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  1. #1
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    Jan 2014
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    seddon, vic
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    Default Plywood question for cabinet making

    I am new at cabinet making. I plan to make a whole bunch of kitchen cabinets using plywood. There seems to be a bunch of different types of plywood out there. I understand the Birch plywood is often used to make cabinets. When I started shopping around for prices, I noticed that Bunnings sell AA grade Marine plywood substantially cheaper than some BC grade Birchwood plywood I found else where. Seems very odd that BC grade plywood would be more expensive than AA grade. The AA grade Marine plywood at Bunnings looks and feels great. I was wondering if I could use it to make cabinets and drawers?

    Can someone explain the differences among the following plys?
    - Hoop pine
    - Hardwood ply
    - Marine ply
    - Structural ply

    Last, could someone recommend a plywood supplier in Melbourne (west).

    Thanks.

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  3. #2
    Join Date
    May 2013
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    Somerset Region, Qld, AU.
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    Kaoboy,

    I can't see any Birch Plywood of any grade on the Bunnings web site. The only BC grade ply Bunnings have seems to be small hobby sheets of what they call Project Panel, which is a Radiata Pine ply. If you can post a link to the BC Grade Birch Ply at Bunnies to which you are referring, that might help to identify the ply you are referring to.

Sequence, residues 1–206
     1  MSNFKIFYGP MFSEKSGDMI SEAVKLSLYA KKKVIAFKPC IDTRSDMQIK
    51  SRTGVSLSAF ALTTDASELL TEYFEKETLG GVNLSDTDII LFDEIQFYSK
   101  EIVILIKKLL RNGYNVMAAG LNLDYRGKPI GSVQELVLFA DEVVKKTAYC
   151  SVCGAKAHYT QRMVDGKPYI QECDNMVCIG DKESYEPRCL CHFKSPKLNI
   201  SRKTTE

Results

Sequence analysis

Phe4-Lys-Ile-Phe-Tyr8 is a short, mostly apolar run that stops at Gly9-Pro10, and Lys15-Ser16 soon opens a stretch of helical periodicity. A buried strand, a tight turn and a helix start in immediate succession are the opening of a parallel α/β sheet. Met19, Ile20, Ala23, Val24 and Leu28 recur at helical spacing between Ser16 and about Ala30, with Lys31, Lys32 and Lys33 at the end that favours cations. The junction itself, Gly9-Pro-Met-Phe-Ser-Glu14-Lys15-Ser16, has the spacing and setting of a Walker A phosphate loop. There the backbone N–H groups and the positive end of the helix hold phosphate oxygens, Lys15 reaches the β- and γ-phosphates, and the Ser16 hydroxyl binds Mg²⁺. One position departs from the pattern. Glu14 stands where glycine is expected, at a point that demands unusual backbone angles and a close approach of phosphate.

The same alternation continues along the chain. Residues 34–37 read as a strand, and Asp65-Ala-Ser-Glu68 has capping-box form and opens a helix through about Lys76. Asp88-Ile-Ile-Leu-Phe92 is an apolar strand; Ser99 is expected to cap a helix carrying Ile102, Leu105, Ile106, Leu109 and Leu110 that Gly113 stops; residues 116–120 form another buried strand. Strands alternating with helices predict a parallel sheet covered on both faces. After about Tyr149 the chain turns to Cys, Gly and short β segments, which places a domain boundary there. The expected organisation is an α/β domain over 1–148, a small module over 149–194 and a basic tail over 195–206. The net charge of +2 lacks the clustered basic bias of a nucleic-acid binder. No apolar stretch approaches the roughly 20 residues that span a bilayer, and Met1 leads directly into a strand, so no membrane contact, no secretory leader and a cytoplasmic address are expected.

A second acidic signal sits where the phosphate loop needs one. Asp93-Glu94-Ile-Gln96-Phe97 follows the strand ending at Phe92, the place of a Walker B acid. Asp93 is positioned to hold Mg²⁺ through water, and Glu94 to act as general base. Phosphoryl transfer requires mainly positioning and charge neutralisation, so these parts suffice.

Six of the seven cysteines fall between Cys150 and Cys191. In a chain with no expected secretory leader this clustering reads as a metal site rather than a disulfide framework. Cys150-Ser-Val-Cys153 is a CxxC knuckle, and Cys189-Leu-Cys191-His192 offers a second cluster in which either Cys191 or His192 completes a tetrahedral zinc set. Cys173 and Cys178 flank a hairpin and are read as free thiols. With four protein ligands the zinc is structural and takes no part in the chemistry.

Plyco is a major supplier of Plywood in Australia. I haven't bought from them as they don't have an outlet in Brisbane, but contacts down south have mentioned Plyco from time to time. They've got three outlets around Vic (Fairfield, Springvale and Mornington). Maybe have a look at their web site to get more info about the different ply grades and types. http://www.plyco.com.au Plyco are retailers, as well as being manufacturers and distributors, so you can buy direct from them.

    Another Plywood Retailer with an informative web site (but only with outlets in Brisbane & Sydney) is http://misterplywood.com.au. Their web site is full of useful info as well.

    As for your question regarding some types of ply (Hoop pine, Hardwood ply, Marine ply, Structural ply).......

    When you're looking at ply, there are a few things you need to look at in the specifications:


    1. What it's recommended use is,
    2. What grade the two face have been prepared to (or what coating has been put on the faces e.g. Melamine, Formica, etc), and
    3. What the ply is made from.


    The terms "Hoop Pine Ply", "Radiata Pine Ply", "Hardwood Ply" etc are references to the type of wood used in the ply.

    Marine Ply is laminated using waterproof glues, and was originally designed for boat construction, but is often used anywhere a high quality ply with waterproof glue is required. Marine Ply, because of it's use in wooden boat and aircraft construction, comes in a very wide range of thicknesses, and a wide range in the number of plys. If you want a sheet of 3mm ply in Australia, you would most certainly end up buying AA grade Marine Ply. Almost all marine ply in Australia is AA grade, although in some countries overseas where wooden boat construction is common place, other grades of marine ply are available for use in the structure where a high quality "A Grade" face is not required.